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Step aside Google, there’s a new top domain around the world according to the annual rankings of most popular domains globally from Cloudflare. For 2021, TikTok is the top site based on internet traffic.

The full list of the most popular domains in 2021 is:

  1. TikTok.com
  2. Google.com
  3. Facebook.com
  4. Microsoft.com
  5. Apple.com
  6. Amazon.com
  7. Netflix.com
  8. YouTube.com
  9. Twitter.com
  10. WhatsApp.com

This is a big jump from 2020, when the newly popular social network ranked in just 7th place overall, while Google (which includes the variety of services under the Google umbrella, such as Maps and News) seemed safely in the top position. 

Cloudflare’s Year in Review report details TikTok’s rise to dominance over the course of the year:

“It was on February 17, 2021, that TikTok got the top spot for a day. Back in March, TikTok got a few more days and also in May, but it was after August 10, 2021, that TikTok took the lead on most days. There were some days when Google was #1, but October and November were mostly TikTok’s days, including on Thanksgiving (November 25) and Black Friday (November 26).”

What Does This Mean?

To be clear, this is only based on traffic. This does not necessarily mean that TikTok is now the biggest social media platform around the world, let alone the site with the most users.

When looking at the number of distinct users on each platform, most estimates still place the upstart platform behind both Facebook and Instagram – let alone Google.

It is quite clear, though, that TikTok is quickly growing into a force to be reckoned with online. If it isn’t already on your map for your marketing plans in 2022, perhaps this report will cause you to reconsider.

Read the full Cloudflare Year in Review report, which includes stats on the top social networks, e-commerce sites, and streaming sites from the past year, here.

TikTok is introducing new ways for pages to monetize their presence on the platform via digital “gifts” and tips.

Notably, these tools are exclusive to individual creators or entrepreneurs through the Creator Next monetization suite, which is not available to brands on the platform.

In a way, this makes sense as the new monetization features are designed to be direct ways for other users to reward creators for sharing great content. Let’s talk about exactly what these new features are.

TikTok Tips

TikTok now allows users to send money directly to creators as a “tip”.

The feature is managed through Swipe and requires an account with that service to be eligible to receive tips. 

Although creators will receive 100% of the value of the initial tip, TikTok will apply a service fee to generate revenue from this feature.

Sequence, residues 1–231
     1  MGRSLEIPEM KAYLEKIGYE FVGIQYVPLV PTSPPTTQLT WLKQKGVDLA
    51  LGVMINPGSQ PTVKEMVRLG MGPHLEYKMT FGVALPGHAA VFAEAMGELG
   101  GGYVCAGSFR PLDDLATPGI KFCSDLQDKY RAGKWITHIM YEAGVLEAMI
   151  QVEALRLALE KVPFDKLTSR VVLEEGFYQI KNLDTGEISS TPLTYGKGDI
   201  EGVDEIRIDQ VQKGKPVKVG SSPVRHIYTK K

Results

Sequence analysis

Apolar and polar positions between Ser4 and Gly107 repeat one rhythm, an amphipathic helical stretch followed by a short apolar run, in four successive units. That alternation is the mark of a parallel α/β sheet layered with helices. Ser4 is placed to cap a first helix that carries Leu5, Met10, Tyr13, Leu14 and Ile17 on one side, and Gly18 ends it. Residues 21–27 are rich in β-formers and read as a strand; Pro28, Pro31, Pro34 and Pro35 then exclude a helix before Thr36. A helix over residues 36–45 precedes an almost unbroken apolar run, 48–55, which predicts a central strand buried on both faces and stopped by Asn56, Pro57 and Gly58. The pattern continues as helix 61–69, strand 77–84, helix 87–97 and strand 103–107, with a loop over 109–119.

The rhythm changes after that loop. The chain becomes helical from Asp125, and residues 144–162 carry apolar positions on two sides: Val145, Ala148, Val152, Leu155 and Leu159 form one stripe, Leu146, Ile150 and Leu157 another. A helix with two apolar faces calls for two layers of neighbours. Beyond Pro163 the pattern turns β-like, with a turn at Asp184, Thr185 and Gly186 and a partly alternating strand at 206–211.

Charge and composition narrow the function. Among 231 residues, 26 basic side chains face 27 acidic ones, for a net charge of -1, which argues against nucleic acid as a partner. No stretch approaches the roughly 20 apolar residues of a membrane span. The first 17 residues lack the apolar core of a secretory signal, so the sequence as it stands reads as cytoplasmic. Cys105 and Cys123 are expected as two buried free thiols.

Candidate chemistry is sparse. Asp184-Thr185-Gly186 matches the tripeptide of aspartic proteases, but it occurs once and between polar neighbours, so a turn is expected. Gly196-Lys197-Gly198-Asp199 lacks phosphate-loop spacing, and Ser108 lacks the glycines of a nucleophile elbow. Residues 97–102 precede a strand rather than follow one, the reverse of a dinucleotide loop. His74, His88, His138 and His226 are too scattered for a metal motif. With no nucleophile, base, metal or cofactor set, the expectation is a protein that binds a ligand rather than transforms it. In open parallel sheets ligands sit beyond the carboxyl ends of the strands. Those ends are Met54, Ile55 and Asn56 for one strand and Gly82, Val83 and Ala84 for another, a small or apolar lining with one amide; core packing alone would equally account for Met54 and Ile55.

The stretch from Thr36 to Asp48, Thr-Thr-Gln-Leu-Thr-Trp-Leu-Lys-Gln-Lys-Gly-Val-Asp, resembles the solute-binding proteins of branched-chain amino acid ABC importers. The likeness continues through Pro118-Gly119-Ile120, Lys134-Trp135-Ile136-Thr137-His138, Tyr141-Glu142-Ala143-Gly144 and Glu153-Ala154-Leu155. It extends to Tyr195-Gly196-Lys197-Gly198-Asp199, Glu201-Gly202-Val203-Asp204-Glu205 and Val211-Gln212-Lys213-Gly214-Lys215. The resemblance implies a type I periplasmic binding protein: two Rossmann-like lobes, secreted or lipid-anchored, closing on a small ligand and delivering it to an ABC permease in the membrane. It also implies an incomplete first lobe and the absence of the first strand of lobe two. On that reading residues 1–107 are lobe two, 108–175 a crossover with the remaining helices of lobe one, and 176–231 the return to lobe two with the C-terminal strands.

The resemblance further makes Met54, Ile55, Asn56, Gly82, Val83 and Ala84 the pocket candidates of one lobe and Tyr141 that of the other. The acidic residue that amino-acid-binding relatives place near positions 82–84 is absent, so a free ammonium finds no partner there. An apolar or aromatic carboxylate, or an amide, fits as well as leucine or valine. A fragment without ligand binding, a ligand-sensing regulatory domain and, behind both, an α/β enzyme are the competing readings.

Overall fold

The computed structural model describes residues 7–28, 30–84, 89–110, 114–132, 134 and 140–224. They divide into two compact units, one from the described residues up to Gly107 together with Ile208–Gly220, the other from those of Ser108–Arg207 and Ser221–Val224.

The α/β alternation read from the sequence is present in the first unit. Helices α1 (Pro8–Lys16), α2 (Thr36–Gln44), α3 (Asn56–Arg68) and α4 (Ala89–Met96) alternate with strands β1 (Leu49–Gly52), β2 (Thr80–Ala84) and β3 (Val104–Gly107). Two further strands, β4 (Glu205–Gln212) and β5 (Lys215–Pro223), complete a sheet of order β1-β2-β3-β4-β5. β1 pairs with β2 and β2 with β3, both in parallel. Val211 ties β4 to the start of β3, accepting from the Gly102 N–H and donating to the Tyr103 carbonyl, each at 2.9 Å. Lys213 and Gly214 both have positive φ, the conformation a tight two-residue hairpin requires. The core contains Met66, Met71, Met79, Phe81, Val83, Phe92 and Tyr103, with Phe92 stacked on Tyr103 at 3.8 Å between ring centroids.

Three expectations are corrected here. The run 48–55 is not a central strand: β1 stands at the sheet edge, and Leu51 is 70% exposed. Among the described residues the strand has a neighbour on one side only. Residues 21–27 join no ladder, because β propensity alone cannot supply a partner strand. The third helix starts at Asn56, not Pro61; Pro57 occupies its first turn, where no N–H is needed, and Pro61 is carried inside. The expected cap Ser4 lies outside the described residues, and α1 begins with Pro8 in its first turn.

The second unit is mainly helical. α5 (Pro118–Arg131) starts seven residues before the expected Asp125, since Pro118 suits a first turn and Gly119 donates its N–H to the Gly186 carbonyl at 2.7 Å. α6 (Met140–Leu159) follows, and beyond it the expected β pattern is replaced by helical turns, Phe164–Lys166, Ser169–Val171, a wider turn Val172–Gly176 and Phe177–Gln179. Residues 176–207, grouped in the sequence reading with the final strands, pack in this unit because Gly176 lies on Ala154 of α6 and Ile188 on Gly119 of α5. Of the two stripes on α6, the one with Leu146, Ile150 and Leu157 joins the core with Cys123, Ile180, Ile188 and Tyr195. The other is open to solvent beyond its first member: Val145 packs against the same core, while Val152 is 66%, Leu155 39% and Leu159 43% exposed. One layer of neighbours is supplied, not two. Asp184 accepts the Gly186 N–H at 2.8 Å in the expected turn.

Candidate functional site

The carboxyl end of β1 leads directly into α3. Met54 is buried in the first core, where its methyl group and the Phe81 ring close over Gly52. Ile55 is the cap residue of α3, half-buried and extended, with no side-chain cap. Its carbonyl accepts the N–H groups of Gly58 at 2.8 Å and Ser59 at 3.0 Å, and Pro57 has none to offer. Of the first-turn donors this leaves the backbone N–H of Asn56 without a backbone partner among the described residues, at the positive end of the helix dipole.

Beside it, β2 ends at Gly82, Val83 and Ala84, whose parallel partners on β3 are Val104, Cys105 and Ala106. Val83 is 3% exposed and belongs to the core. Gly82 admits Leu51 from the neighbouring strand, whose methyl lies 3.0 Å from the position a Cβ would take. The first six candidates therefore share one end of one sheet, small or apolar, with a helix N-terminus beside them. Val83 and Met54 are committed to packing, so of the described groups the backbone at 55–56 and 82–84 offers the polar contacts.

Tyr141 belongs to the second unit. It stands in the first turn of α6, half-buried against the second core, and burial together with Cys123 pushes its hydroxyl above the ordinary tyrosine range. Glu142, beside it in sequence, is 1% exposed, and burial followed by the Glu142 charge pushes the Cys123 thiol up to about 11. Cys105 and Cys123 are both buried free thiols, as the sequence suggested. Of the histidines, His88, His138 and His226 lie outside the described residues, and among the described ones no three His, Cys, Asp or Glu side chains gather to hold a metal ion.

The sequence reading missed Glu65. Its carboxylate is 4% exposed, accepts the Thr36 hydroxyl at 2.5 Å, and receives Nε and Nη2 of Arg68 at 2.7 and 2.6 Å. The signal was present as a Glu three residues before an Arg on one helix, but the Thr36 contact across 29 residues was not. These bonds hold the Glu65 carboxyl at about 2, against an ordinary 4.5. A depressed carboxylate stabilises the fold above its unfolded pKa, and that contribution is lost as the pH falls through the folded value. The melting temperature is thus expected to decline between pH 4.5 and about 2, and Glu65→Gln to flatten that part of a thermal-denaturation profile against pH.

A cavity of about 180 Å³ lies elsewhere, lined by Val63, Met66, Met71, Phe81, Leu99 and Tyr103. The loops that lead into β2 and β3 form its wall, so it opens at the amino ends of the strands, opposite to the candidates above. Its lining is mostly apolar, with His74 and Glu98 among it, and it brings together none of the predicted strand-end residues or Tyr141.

Signed-up profiles will include a new icon on their profile, which will allow users to send $5, $10, $15, or custom tips up to $100.

By default, others will be able to see when you send or receive a tip, unless you specifically choose to make your tip anonymous.

To prevent misuse, TikTok limits users to $500 total or up to 100 transactions per day.

TikTok Video Gifts

TikTok’s new Video Gifts blur the line between Reddit awards and its tipping system. It allows users to pay to reward content they love with specific gifts, which are shown to other viewers.

The big difference between this and something like “Reddit Gold” is that recipients can then exchange their rewards for actual money via a virtual currency called “diamonds”.

Interestingly, gifts come with some very unique benefits, including a boost in the platform’s algorithm:

As the announcement says:

“… a key metric that TikTok uses to assess the popularity of a video is the number of Gifts sent to a creator’s content.”

Are You Eligible?

Users interested in utilizing these monetization features must:

  • Be 18+ years old
  • Have at least 1,000 video views in the past 30 days
  • Have at least 3 posts in the past 30 days
  • Be in good standing regarding TikTok’s community guidelines
  • Reside in the US, UK, Germany, France, Italy, or Spain

If your account meets these requirements, you will be able to opt-in to the Creator Next suite.

For more, read the announcement here.

TikTok announced this week that it is extending the maximum length of videos on its platform, tripling the limit from sixty seconds to three minutes.

The update began rolling out to users over the past few days. As users get access, they will be notified with a notification in the app, as shown below:

As the company says in the announcement:

“There’s so much that can happen in a TikTok minute, from crowdsourced musicals and sea shanty singalongs to feta pasta recipes, roller skating revivals, and more. Now we’re introducing the option for our global community to create longer videos – paving the way for even richer storytelling and entertainment on TikTok.”

Keeping with how videos have always been handled in the app, users can record, edit, and share their videos entirely within TikTok, or choose to upload pre-edited videos.

Is TikTok Challenging YouTube?

For the most part, videos on social media have tended towards short-form clips. From Vines to Snapchat Stories and YouTube Shorts, most platforms have prioritized keeping videos easily consumable while on the go. 

Until now, TikTok has worked within these limits to establish itself as the platform for bite-sized videos. 

This marks the app’s first foray into longer videos, which can demand more attention and focus from users.

The question is whether users will be willing to invest this energy in longer content, though the announcement is optimistic: